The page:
Diversity and the Unusual from W. C. Baker's First Catalogue
- by Michael Stillman
Diversity and the Unusual from W. C. Baker's First Catalogue
This month we review the first catalogue from W. C. Baker Rare Books and Ephemera. Last month we wrote about Will Baker's return to full-time bookselling from the Pittsburgh-Cleveland area (click here). This month we take a look at Baker's first catalogue, appropriately titled Catalog One. Baker describes it as "a selection of unusual printed and manuscript works relating to magic, medicine, museums, religion, science, the stage, and other diverse subjects." What we find is indeed a diverse selection of works, with many of them at least bordering on the unusual. Here are a few samples.
Thomas Paine was one of America's founders, his Common Sense being an inspiration for the revolution that set the nation free. And yet, by the end of his life, Paine was a pariah in the land he helped free, no one even willing to accept his body for burial. Such was the dark side of religion. The cause of Paine's fall was his unwillingness to accept revealed religion, the Bible, Christianity. Most considered Paine an atheist, though this was not accurate. He was more a Deist, a believer in one God who believed that God's nature could be understood through reason, not books or words uttered by man. By the middle of the 19th century, some were calling to rehabilitate Paine, considering him a good man, even if mistaken in some beliefs. Attempts at rehabilitation fell hand in hand with the spiritualist movement centered in mid-century Rochester, New York, in this book by Charles Hammond, a Universalist minister who became a spiritual medium: Light from the Spirit World. The Pilgrimage of Thomas Paine, and Others, to the Seventh Circle of the Spirit World, published in 1852. Hammond allegedly spoke with the deceased Paine and others, and listened in on their conversations. What we find is that Paine is now doing well in the after-world, despite his prior beliefs that many thought would condemn him to Hell. Sure, Paine made some mistakes on Earth – who hasn't? - but where he was mistaken, he acknowledges his errors, and all's well that ends well. This conclusion is certainly consistent with Hammond's Universalist faith, and hopefully all has ended well for this great American patriot, but one suspects Hammond's conversations with Paine were more in his imagination than in the world of spirits. Item 31. Priced at $300.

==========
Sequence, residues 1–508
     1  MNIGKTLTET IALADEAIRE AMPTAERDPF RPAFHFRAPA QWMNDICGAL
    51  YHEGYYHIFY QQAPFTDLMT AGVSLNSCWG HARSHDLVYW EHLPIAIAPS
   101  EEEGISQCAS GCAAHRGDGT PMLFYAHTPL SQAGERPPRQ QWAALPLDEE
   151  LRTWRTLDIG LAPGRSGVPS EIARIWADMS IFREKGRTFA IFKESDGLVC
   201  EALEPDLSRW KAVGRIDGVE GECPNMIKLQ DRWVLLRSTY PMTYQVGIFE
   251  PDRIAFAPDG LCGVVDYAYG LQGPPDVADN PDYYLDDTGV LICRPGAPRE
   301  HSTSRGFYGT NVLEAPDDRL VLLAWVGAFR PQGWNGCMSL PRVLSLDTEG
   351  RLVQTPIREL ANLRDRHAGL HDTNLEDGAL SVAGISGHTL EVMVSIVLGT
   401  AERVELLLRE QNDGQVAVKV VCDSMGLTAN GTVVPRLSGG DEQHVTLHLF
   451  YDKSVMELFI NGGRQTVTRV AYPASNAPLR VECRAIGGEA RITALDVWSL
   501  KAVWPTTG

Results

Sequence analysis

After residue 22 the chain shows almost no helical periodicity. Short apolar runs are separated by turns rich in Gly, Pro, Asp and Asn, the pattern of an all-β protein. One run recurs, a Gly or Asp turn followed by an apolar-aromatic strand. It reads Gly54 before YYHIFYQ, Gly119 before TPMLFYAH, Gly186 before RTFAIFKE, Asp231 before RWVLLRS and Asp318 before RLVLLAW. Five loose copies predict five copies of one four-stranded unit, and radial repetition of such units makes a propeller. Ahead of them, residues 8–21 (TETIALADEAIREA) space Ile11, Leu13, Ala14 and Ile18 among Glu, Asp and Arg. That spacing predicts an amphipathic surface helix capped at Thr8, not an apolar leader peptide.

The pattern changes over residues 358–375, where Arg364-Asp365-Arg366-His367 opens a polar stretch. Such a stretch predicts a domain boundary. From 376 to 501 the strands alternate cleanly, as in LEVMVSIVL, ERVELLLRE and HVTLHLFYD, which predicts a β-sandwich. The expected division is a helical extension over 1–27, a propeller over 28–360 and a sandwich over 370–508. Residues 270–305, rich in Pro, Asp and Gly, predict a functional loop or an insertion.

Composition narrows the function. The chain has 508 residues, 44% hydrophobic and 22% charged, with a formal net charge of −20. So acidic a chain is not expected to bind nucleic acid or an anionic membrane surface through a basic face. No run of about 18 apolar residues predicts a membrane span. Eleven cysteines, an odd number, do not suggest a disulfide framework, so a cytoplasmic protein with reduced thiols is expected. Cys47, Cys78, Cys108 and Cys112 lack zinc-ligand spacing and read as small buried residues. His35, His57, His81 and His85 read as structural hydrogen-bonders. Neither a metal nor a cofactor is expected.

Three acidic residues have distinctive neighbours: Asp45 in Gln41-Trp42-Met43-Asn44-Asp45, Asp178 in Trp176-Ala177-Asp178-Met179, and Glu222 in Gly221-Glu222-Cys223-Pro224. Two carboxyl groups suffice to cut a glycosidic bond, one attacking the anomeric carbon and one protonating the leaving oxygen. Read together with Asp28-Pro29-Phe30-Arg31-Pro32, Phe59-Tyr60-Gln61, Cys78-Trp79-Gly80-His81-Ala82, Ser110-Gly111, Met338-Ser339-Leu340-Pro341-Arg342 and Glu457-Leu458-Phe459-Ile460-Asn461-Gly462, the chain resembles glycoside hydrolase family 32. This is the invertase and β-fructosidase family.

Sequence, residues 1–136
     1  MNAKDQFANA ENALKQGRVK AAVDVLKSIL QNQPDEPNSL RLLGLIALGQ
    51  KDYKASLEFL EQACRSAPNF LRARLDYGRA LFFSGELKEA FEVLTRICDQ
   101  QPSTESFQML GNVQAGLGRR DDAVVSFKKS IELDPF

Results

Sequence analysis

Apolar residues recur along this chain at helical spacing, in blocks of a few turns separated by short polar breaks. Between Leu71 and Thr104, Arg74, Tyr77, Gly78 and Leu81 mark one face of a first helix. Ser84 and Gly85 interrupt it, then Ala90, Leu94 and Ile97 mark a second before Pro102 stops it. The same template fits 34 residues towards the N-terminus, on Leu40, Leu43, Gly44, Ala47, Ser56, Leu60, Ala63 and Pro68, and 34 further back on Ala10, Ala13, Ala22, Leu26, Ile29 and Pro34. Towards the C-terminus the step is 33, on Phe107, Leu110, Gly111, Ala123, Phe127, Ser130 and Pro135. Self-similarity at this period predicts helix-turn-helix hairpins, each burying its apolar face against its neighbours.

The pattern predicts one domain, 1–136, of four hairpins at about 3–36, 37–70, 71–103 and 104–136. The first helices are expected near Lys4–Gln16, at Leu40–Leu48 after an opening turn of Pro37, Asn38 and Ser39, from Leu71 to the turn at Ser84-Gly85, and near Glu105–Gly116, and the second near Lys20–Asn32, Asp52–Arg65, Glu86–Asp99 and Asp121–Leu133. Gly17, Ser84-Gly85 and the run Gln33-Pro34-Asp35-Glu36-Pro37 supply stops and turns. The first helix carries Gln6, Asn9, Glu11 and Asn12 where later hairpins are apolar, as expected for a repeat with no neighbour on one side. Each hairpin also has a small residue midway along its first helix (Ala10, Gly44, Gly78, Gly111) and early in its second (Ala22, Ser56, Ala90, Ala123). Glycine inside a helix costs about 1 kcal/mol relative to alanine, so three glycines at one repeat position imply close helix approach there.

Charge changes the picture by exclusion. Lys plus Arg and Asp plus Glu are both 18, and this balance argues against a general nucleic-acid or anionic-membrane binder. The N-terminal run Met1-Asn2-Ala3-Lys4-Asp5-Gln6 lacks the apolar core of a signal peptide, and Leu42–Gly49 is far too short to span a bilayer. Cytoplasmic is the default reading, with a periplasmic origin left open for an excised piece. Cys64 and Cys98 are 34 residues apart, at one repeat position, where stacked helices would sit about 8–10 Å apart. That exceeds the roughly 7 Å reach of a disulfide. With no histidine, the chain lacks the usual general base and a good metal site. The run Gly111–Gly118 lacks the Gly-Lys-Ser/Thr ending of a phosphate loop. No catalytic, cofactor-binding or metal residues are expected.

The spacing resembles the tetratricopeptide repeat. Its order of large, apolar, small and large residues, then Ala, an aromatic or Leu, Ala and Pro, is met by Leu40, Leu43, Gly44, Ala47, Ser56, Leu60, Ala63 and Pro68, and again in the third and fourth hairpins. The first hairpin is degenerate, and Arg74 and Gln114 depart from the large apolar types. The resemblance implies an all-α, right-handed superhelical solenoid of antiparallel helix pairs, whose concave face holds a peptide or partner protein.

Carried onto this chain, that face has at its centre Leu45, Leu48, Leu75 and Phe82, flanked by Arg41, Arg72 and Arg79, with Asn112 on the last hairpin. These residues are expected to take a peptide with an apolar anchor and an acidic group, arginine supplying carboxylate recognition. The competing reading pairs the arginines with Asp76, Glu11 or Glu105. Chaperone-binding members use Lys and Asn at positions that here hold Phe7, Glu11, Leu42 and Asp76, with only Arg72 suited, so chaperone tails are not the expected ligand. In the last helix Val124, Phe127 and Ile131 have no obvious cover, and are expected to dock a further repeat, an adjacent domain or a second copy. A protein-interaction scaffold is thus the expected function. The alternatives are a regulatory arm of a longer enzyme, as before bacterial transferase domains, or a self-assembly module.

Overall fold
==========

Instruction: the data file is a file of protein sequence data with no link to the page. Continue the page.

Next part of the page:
While Paine had few takers for his radical thoughts, the religion of America's Puritan founders had swung decidedly more liberal at the end of the 18th century, breaking off into Unitarian and Congregationalist wings. Even the more traditional Congregationalists had become too liberal for some, and a more orthodox wing at Harvard broke away to found Andover Seminary. Item 4 is an attack on this group in an 1826 broadside from Boston headed The Moloch of Orthodoxy. The "Moloch of Orthodoxy" is the the writer's description of the breakaway group's vision of God. The writer describes this orthodox God as "delighting in the eternal damnation of myriads of human beings and to glut his devilish appetite, has fore-ordained from all eternity, that a certain number of the human race shall writhe and gnash their teeth in eternal agonies, plunged in a burning pool of liquid fire; and not because they were more wicked than the rest of mankind, but because it is his SOVEREIGN WILL." $750.